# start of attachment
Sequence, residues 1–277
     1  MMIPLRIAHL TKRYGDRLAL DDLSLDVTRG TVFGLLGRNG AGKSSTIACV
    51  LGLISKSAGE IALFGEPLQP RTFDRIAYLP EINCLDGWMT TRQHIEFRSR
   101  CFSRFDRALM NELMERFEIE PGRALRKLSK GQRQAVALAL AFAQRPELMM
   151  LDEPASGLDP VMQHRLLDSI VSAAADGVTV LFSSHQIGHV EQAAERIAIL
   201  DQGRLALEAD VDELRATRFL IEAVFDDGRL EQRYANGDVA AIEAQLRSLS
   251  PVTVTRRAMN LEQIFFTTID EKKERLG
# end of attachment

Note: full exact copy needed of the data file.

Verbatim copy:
Sequence, residues 1–277
     1  MMIPLRIAHL TKRYGDRLAL DDLSLDVTRG TVFGLLGRNG AGKSSTIACV
    51  LGLISKSAGE IALFGEPLQP RTFDRIAYLP EINCLDGWMT TRQHIEFRSR
   101  CFSRFDRALM NELMERFEIE PGRALRKLSK GQRQAVALAL AFAQRPELMM
   151  LDEPASGLDP VMQHRLLDSI VSAAADGVTV LFSSHQIGHV EQAAERIAIL
   201  DQGRLALEAD VDELRATRFL IEAVFDDGRL EQRYANGDVA AIEAQLRSLS
   251  PVTVTRRAMN LEQIFFTTID EKKERLG